The leaders of the Union of Peasants were planned to be shot at dawn. But in the morning, fighting broke out on the outskirts of the city. By the evening of 19 on March, Ossetian detachments, which is indicative, supported by some local Bolshevik Georgians, broke into the capital of the republic. The streets of the southern city were strewn with corpses. Many Georgians were surrendered, and the leaders died in street battles, including the failed owner of the Ossetian peasants, Machabeli.
A painting by Azanbek Dzhanaev dedicated to the events of 1918-1920
Despite the victory, the situation of the Ossetian armed forces was difficult. There was not enough ammunition, and most importantly, there were no human resources. Let me remind you that at that moment in all of South Ossetia there were no more than 80 thousand people, including old people, women and children. But the population of Georgia has exceeded 2 million. Thus, the rebels even had less rounds of ammunition than the newly made Georgia soldier.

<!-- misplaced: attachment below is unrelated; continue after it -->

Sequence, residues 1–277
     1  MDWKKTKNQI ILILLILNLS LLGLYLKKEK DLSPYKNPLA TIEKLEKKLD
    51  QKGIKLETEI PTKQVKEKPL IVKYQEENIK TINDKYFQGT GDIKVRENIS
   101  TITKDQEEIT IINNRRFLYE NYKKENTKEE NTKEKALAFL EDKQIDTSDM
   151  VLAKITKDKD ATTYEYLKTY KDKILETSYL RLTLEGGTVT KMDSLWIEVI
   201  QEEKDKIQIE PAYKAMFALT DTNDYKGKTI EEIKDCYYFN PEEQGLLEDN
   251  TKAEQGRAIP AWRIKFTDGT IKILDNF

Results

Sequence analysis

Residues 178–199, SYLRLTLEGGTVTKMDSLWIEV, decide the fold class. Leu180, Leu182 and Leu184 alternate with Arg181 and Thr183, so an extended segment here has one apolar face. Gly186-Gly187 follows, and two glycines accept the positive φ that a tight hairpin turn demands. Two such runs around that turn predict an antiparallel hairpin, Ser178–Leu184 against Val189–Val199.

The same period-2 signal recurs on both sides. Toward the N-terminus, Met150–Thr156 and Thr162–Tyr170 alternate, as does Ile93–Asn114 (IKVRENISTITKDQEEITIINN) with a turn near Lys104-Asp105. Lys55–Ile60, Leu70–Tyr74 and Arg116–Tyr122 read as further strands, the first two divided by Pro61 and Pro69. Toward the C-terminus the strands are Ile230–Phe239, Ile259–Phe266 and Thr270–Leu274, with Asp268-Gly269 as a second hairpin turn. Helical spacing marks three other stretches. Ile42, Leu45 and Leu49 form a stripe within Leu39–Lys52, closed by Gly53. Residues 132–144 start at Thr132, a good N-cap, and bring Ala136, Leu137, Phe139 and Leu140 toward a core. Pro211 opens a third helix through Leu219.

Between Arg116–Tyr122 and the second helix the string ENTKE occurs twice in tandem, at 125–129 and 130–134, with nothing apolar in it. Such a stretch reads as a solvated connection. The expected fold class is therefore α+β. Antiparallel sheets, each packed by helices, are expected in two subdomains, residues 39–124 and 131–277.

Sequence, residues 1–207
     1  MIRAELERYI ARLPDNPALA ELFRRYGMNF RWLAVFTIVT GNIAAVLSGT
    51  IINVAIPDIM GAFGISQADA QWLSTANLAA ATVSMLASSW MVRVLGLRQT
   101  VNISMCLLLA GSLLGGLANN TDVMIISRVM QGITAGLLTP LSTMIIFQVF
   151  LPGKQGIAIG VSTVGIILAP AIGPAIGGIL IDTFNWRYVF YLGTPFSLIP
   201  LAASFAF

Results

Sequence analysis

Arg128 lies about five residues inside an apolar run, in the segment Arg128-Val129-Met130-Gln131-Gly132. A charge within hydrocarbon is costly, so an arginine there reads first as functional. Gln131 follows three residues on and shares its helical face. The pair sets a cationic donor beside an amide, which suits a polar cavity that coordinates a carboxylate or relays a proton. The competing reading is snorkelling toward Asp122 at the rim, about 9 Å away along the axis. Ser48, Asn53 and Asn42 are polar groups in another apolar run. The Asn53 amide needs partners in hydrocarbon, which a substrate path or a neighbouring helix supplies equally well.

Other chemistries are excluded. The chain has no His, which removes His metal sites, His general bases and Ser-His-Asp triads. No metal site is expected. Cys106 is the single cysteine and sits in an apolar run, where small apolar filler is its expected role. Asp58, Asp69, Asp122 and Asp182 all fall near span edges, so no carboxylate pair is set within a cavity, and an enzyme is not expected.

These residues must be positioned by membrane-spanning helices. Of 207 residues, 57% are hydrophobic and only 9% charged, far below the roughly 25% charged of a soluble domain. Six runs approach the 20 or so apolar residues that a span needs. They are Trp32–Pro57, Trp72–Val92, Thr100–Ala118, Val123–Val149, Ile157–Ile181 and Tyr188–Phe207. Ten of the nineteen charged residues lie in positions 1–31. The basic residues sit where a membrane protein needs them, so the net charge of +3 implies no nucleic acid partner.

Already on 22 of March of the 1918 of the year, large units of the Georgian troops, bearing the name of the “People’s Guard”, approached Tskhinval. Realizing the senselessness of the defense of the city, Ossetian forces, with the cover of the few troops remaining in Tskhinvali, retreated to the mountains. The fighting in the city did not last long. Almost all captured Ossetians were shot, only the brave but unlucky Kulumbegov was again captured and taken to Gori.
The surviving rebels who had gone to the mountains, taking advantage of the time conquered by the deaths of their comrades, were able to organize defense in a narrow mountain gorge in the Dzau region. The place was chosen so well that all attempts to take the Ossetians by storm failed. As a result, 28 March, the Georgians went to a temporary truce.
Tskhinval of the 20-30 of the last century
The Menshevik government of Georgia, which was unable to solve any state issues, except for the choice of a new patron and repressions based on ethnic and political principles, was shook by the ground under its feet. Firstly, Kaiser Germany could no longer act as the new owner, and it was urgent to swear allegiance to the Entente. Secondly, the economy was bursting at the seams. Thirdly, the Bolsheviks did not doze off, whom the nationalists in the guise of the Mensheviks feared like fire. Fourth, the outright incapacity of the government caused a series of peasant uprisings. But that was only the beginning.
To be continued ...